Use this URL to cite or link to this record in EThOS: http://ethos.bl.uk/OrderDetails.do?uin=uk.bl.ethos.725448
Title: Development of reflectance imaging methodologies to investigate super-paramagnetic iron oxide nanoparticles
Author: Guggenheim, Emily Jane
ISNI:       0000 0004 6423 6450
Awarding Body: University of Birmingham
Current Institution: University of Birmingham
Date of Award: 2017
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Abstract:
Engineered nanoparticles, such as super paramagnetic iron oxide nanoparticles (SPIONs) offer significant benefits for the development of various diagnostic and therapeutic strategies. Limitations of existing imaging methodologies in the study of NPs, such as the effects of fluorescent labelling and diffraction limited resolution, and the advantages that visualization of spatial localization can offer in studies, increases the demand for new and optimized imaging routines. Reflectance Confocal Microscopy (RCM) methods were optimized and Reflectance Structured Illumination Microscopy (R-SIM) was introduced, offering a two fold increase in resolution - particularly advantageous for NP quantification and localization studies. Analysis routines were developed to enable the automated quantification of NP presence within cells via the different methodologies. Correlative procedures were also established for imaging the same sample with different reflectance methods and TEM, maximizing the information attainable from a single sample and allowing comparisons between the techniques for specific applications. These aforementioned optimized techniques were then applied to the determination of NP uptake and trafficking in cancer cell lines, and, in combination with siRNA, to ascertain proteins that are involved in the uptake process. Studies were also performed to model the degradative process of SPIONs within cellular compartments. This thesis thus provided several important tools for the future assessment of the efficacy and safety of NPs for clinical use, enabling quantitative analysis of uptake route, sub-cellular localization and NP intracellular fate.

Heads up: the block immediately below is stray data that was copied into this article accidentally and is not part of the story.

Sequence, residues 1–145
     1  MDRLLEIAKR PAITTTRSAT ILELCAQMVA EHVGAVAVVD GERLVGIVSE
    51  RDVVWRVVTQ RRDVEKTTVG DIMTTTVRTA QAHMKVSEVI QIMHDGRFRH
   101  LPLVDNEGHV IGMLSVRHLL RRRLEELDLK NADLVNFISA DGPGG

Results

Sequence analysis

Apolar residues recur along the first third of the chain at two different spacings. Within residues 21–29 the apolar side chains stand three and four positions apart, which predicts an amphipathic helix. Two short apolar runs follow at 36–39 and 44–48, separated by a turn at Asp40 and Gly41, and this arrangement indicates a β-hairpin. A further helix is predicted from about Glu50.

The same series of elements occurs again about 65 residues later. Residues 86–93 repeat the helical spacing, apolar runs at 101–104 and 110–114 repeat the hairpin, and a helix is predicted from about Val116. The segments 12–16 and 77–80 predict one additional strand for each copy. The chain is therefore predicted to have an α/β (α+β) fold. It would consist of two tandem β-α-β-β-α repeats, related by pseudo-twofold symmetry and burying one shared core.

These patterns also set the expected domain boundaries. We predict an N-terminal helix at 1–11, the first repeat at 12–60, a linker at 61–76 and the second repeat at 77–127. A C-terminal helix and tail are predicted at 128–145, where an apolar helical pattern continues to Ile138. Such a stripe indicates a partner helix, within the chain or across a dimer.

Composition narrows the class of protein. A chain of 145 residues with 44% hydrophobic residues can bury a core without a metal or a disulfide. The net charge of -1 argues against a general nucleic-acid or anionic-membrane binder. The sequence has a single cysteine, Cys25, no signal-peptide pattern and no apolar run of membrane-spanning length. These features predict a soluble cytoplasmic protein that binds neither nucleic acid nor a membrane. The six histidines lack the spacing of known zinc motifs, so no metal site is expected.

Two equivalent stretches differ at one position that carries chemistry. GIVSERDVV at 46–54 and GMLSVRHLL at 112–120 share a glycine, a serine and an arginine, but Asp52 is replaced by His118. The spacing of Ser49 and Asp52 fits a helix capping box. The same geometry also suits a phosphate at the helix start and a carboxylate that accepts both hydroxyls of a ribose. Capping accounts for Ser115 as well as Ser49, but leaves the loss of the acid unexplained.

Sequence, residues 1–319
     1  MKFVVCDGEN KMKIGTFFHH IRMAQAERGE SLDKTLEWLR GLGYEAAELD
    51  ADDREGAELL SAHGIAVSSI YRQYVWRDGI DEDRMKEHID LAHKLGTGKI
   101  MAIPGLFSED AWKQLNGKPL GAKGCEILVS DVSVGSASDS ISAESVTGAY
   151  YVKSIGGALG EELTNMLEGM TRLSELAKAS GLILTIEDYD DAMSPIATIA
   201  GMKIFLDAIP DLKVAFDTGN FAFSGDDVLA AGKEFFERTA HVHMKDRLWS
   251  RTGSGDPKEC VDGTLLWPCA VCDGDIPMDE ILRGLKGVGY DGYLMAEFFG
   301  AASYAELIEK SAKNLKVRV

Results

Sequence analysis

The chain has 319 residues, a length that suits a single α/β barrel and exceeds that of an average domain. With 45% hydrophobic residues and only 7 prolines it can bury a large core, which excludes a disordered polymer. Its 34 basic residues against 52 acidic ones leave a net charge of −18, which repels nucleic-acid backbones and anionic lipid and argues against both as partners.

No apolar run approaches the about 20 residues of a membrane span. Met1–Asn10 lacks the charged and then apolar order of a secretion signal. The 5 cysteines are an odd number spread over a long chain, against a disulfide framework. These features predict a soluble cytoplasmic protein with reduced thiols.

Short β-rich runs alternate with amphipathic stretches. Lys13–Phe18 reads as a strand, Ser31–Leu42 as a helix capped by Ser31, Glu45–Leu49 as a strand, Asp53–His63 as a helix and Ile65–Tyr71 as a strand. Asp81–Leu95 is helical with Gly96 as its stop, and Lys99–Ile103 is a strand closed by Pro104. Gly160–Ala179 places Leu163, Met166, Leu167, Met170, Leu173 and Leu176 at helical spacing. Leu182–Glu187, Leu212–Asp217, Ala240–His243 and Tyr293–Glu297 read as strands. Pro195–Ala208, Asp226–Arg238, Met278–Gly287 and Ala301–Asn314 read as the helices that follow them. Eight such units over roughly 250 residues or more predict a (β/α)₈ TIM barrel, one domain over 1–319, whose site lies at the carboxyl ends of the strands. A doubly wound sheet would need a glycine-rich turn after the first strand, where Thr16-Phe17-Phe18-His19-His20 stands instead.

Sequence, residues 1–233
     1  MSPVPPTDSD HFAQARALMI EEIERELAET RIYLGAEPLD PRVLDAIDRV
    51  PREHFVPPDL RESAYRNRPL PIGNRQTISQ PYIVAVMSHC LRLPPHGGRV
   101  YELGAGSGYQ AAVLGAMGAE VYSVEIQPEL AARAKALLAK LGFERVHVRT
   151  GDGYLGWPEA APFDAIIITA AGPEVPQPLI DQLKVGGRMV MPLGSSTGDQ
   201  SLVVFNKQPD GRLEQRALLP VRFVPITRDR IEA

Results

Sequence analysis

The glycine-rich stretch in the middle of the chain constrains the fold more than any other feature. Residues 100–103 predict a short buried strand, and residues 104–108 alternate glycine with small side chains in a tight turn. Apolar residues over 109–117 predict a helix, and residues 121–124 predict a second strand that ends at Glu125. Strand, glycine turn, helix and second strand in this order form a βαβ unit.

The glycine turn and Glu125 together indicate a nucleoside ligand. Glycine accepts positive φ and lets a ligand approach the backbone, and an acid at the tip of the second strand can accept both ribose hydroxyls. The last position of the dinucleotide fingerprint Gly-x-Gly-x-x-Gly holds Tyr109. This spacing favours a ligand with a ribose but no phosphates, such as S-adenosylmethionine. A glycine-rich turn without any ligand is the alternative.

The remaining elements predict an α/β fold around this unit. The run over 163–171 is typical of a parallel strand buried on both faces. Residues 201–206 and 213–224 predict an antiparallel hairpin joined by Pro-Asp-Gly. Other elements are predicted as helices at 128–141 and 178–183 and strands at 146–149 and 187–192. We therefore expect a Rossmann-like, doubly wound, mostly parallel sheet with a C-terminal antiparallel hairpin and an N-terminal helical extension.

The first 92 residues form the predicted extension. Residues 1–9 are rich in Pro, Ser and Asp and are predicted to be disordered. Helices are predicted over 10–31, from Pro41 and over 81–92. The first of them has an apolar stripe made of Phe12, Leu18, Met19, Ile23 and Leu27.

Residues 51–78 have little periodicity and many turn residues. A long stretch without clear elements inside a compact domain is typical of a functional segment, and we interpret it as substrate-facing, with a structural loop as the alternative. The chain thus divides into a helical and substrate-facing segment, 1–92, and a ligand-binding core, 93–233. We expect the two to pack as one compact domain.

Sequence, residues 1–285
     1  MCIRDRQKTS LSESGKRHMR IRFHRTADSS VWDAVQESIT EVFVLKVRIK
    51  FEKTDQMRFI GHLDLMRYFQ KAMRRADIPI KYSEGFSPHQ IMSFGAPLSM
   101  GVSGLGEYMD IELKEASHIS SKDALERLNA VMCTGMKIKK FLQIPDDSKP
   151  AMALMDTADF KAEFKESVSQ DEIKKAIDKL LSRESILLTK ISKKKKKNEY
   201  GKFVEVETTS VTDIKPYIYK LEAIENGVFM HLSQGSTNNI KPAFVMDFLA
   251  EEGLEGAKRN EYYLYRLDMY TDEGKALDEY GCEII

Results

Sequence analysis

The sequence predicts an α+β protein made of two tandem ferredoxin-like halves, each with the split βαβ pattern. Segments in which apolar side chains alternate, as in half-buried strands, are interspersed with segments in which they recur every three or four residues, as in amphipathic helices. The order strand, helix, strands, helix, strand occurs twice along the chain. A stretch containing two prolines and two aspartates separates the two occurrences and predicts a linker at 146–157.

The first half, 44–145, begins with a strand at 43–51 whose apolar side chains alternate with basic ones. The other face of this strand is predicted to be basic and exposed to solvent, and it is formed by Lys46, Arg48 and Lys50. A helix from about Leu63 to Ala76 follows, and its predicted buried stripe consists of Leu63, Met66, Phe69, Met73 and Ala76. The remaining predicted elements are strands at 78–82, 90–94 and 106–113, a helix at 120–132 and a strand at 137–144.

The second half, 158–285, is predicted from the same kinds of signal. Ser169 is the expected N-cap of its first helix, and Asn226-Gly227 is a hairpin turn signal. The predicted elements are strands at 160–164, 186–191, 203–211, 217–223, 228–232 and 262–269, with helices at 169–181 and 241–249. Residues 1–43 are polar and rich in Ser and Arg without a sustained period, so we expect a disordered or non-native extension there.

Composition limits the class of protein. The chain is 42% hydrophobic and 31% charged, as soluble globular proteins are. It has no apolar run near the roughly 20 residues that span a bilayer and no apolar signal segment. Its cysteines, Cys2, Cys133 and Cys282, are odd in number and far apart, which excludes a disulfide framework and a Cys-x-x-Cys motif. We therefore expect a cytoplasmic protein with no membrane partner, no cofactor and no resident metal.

Supervisor: Not available Sponsor: Not available
Qualification Name: Thesis (Ph.D.) Qualification Level: Doctoral
EThOS ID: uk.bl.ethos.725448  DOI: Not available
Keywords: QD Chemistry ; QP Physiology
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